House problem solvers are bringing real change to congress
Meaningful reform comes slowly to our tradition-bound Congress. But we’re starting to see the fruits of hard-fought changes wrought this yearby the House’s bipartisan Problem Solvers Caucus.
These results-oriented lawmakers were troubled to see House leaders (in both parties) sometimes bury legislation that was supported by many rank-and-file members but opposed by the power elite. So they worked diligently for, and eventually achieved, a change in House rules that makes this heavy-handed tactic almost impossible.
House Democrats and Republicans are beginning to use the revised rule, and people are taking notice. It hasn’t yet applied to a highly contentious measure, which would really rattle the Capitol’s walls. But it’s solidly in place for when such an occasion arises, and the Problem Solvers deserve credit for that.
The new rule keeps top House leaders from squelching any bill that has at least 290 co-sponsors, or two-thirds of the House membership. Such a measure would clearly pass if given a floor vote, but leaders over the years have sometimes smothered such bills for political reasons.
Recently, several bills have been expedited under the new “290” or “consensus calendar” rule. One is the “Fairness for High-Skilled Immigrants Act,” authored by Rep. Zoe Lofgren (D-Calif.). It reduces the visa backlogs for immigrants with particular in-demand skills.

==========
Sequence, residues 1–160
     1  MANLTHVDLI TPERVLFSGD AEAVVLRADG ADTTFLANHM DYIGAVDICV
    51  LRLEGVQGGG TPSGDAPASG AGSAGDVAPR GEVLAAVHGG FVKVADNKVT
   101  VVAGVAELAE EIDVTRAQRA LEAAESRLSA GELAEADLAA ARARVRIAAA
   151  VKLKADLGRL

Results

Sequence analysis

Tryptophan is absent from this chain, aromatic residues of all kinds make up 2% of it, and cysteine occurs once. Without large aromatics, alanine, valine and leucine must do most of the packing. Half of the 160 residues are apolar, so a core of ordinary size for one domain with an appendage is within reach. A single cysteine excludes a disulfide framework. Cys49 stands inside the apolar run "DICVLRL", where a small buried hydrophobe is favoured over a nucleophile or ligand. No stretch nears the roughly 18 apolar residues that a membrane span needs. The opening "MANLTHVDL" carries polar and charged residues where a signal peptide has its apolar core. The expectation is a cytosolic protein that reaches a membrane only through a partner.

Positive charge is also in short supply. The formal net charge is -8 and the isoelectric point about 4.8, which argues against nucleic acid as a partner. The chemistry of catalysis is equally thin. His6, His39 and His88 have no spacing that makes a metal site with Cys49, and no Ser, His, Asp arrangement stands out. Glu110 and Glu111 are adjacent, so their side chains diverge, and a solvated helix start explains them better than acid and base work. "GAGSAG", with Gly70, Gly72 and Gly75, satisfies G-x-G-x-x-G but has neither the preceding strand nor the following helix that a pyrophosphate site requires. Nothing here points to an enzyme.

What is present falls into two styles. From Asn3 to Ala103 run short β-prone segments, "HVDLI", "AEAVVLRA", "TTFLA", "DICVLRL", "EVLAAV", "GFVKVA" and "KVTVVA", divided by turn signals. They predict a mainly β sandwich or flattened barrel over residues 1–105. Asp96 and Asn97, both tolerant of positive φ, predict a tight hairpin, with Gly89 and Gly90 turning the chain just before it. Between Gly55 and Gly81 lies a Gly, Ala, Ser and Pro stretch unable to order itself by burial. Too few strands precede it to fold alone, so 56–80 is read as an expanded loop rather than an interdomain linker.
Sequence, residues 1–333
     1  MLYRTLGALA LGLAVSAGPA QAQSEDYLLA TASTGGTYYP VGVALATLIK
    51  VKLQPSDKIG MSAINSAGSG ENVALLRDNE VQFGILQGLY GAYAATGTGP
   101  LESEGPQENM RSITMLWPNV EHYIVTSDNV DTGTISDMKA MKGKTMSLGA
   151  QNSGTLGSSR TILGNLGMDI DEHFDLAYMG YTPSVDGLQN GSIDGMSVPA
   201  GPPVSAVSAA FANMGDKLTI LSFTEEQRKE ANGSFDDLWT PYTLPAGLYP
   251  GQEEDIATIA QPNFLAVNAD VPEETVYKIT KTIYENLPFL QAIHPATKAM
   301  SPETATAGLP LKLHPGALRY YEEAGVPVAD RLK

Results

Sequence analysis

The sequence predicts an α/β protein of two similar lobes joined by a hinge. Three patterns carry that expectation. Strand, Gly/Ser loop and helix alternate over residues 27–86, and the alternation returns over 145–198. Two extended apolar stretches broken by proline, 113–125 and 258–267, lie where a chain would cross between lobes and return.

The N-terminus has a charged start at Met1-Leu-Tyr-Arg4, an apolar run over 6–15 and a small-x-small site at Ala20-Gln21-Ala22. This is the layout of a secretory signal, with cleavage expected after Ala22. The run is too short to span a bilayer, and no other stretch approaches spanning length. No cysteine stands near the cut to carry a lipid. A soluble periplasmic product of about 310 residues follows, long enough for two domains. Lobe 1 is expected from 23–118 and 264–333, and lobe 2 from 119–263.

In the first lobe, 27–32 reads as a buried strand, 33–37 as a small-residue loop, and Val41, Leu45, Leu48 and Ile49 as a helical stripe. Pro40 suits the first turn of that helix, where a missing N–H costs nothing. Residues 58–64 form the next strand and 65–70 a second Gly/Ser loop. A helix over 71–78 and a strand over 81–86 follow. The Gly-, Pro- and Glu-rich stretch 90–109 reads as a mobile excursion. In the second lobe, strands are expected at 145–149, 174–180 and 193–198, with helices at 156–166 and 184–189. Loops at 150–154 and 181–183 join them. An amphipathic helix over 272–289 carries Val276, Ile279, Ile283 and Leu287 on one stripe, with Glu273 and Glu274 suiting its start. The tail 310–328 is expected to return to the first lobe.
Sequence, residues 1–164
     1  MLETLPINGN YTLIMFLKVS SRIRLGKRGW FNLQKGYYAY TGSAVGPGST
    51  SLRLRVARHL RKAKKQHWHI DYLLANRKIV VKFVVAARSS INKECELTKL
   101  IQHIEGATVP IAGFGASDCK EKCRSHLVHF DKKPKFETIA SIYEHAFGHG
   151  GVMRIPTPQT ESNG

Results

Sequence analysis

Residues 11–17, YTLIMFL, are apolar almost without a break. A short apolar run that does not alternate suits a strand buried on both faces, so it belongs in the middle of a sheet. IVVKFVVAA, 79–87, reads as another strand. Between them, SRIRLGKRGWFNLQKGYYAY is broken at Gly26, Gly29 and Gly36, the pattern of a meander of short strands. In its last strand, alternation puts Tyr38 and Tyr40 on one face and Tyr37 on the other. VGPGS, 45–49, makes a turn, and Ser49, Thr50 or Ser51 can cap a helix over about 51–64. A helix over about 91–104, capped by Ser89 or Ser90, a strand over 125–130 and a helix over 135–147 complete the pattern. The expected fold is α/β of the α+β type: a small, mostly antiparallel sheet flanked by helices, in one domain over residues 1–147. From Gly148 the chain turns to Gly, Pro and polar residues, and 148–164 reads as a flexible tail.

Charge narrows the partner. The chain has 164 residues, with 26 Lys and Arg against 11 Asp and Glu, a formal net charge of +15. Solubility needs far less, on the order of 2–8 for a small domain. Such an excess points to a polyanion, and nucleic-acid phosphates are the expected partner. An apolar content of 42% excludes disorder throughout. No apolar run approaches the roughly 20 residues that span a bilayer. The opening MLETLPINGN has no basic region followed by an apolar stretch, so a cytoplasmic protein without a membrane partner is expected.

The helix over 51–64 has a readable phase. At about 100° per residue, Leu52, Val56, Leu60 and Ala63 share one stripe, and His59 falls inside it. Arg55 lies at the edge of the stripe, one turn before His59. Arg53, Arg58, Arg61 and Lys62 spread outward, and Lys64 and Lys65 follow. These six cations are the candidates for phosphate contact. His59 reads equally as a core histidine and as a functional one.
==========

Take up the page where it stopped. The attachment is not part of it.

Another is the “Military Surviving Spouses Equity Act,” led by Reps. Joe Wilson (R-S.C.) and John Yarmuth (D-Ky.). It would repeal the so-called “widow’s tax,” so spouses of service members who die during active duty will not see their benefits reduced.
“Last January, members of the Problem Solvers Caucus fought for meaningful changes to the House rules, including ensuring that when a bill receives 290 co-sponsors it receives priority consideration on the House floor,” they said in a statement. “Today, the American people are seeing the benefits of those rule changes as common-sense, broadly bipartisan bills are finally receiving the up or down vote they deserve on the floor.”
Under the new rule, once a bill reaches 290 co-sponsors, a legislative clock begins. If the primary committee of jurisdiction doesn’t report out the bill by the 25th legislative day, it is placed on the new “Consensus Calendar.” House leaders must bring consensus calendars to a floor vote fairly regularly.
Other legislation that has benefitted from the 290 rule includes a measure to ensure continued benefits for first-responders who suffered health problems related to the 9/11 terror attacks.
The new rule’s impact is likely to expand as lawmakers become more familiar with it.
“It’s taking time for people to realize that this is a resource available for them to get bipartisan legislation on to the floor,” Gottheimer told Roll Call. “And now, more and more people are approaching us, the Problem Solvers, and saying, ‘Can we work together to get to 290?’”
House leaders have acknowledged the new rule’s purpose and potency.
“The intent was so you couldn’t just bottle up something,” Majority Leader Steny Hoyer (D-Md.) told Roll Call. “We get that.”
It takes courage to fight for bipartisan achievements in a political environment where many see collaboration as a dirty word. The Problem Solvers deserve our thanks and support bringing about real change that can chip away at our government’s abysmal gridlock and dysfunction.
Margaret White is executive director of No Labels.